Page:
The FAA announced its proposed rules for small commercial drones (small unmanned aircraft/aerial systems “UAS”) in February 2015. See Small UAS NPRM (available at While the proposed rules are more lenient than many in the industry had anticipated, they are still stringent enough to prevent the use of UAS in many of the ways envisioned by some commercial entities.

Much of the proposed rule is dedicated to addressing the FAA’s concern that the UAS operator has the ability to see and avoid other aircraft. As the FAA reiterates in the proposed rule, the most basic responsibility of any aircraft operator is to avoid collisions with other aircraft. In fulfilling this fundamental responsibility, the FAA emphasizes the need for operators to exercise the basic flying technique of “see and avoid.” Due to a pilot’s ability to utilize peripheral vision while in the cockpit of a manned aircraft, the FAA believes that pilots of manned aircrafts are in a far better position to exercise see-and-avoid techniques than operators of unmanned aircraft using First Person View (FPV) or cameras. For this reason, the FAA’s proposed rule contains a Visual Line of Sight (“VLOS”) requirement, which requires UAS operators to maintain visual contact with the UAS at all times (though permitting the operator to use a second operator as a forward observer). The VLOS requirement presents a formidable obstacle to those wishing to utilize UAS’s commercially, and at least in the near future likely will restrict commercial UAS usage to activities such as photography, power line inspections, search and rescue, and crop monitoring.

As to those wishing to use commercial drones in a manner that will require their operation beyond the operator’s line of sight, such as delivering most products, the FAA clearly has recognized that the proposed rule is just the initial step on what it anticipates to be a long journey to complete UAS integration. Indeed, the FAA’s Notice of Proposed Rule Making leaves open the possibility for developing standards for operations beyond visual line-of-sight activities.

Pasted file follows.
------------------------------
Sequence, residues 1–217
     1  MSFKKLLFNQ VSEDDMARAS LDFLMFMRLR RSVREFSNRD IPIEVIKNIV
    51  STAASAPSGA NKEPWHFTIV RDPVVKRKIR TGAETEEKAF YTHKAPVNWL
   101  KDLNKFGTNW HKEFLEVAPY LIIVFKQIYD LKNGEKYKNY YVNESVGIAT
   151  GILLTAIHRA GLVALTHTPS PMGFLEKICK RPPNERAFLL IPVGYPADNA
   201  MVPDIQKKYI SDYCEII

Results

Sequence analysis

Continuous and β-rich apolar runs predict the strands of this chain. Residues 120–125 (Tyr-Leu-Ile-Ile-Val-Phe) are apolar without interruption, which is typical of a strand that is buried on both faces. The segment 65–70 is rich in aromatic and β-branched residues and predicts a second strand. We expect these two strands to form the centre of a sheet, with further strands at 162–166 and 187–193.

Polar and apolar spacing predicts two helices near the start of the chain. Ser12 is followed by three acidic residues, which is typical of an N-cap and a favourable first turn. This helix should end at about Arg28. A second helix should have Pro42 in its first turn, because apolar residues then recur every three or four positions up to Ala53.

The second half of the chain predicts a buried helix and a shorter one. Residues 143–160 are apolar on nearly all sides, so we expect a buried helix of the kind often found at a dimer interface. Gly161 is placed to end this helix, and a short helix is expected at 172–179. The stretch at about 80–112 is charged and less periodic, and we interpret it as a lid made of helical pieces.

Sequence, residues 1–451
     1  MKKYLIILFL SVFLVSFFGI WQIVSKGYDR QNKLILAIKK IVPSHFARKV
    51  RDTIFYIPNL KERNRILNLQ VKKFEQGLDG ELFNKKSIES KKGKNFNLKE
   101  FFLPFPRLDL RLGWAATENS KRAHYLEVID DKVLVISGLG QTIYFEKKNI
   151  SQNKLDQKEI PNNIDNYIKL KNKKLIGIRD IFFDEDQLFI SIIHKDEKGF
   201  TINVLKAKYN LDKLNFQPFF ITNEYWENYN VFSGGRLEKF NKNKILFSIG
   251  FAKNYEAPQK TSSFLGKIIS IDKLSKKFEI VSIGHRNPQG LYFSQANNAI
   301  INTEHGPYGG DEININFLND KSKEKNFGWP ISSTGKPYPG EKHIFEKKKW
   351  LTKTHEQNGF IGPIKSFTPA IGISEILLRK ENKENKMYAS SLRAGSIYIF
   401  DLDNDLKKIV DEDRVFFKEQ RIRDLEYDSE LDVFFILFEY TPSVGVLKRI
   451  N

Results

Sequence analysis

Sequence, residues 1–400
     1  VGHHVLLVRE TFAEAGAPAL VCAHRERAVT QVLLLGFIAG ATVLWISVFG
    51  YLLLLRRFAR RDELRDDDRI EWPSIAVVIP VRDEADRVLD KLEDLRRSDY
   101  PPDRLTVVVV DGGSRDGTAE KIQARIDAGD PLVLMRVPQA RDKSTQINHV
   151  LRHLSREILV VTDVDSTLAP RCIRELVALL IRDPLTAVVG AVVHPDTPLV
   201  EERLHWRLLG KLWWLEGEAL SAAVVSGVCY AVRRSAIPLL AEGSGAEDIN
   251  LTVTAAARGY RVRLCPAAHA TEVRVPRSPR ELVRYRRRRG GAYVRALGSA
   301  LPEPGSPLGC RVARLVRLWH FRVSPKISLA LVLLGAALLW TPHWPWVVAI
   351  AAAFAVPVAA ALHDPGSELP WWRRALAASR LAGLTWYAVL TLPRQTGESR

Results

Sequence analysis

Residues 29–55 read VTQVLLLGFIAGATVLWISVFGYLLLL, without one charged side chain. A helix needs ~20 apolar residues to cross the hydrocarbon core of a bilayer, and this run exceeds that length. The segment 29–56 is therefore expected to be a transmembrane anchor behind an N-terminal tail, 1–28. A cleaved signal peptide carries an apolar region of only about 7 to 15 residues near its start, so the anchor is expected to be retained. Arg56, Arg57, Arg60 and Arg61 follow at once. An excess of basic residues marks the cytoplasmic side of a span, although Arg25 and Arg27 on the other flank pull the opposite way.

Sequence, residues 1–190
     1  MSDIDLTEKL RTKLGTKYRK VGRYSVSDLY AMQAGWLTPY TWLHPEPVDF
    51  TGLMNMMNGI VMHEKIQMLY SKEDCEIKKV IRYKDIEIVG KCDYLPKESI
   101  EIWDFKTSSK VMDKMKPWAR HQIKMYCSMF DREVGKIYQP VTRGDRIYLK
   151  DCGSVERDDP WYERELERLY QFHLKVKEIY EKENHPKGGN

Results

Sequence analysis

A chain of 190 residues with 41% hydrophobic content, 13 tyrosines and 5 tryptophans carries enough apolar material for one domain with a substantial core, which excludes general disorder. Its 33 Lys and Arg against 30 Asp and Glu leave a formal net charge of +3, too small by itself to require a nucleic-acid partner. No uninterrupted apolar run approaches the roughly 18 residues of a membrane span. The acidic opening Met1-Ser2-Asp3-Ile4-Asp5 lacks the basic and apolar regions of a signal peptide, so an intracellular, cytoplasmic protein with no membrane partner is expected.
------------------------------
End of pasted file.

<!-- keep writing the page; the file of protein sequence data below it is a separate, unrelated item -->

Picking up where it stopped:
Recent comments from the leader of FAA’s Integration Office, Jim Williams, also provide a reason for optimism regarding the potential for beyond line of sight operations in the future. Speaking at the Drones, Data X Conference in Santa Cruz, California on May 1, 2015, Williams acknowledged that “we [the FAA] understand there is a lot of value in flying out of line of sight and that is one of the areas we are looking to get ahead rapidly in the next few years.” Williams did not provide a timeline on when such regulations may be changed but noted that, as sensor technology continues to evolve, drones will become safer and the need for a nearby pilot less necessary. Though he provided no timeline for the implementation of new regulations easing the VLOS requirement, Williams pointed out that as sensor technology continues to improve, and UAS become safer, the need for an operator to be nearby will be diminished. Williams explained his belief that sensor technology eventually will be able to permit an operator to see and avoid other aircraft, thus enabling beyond line of sight operation.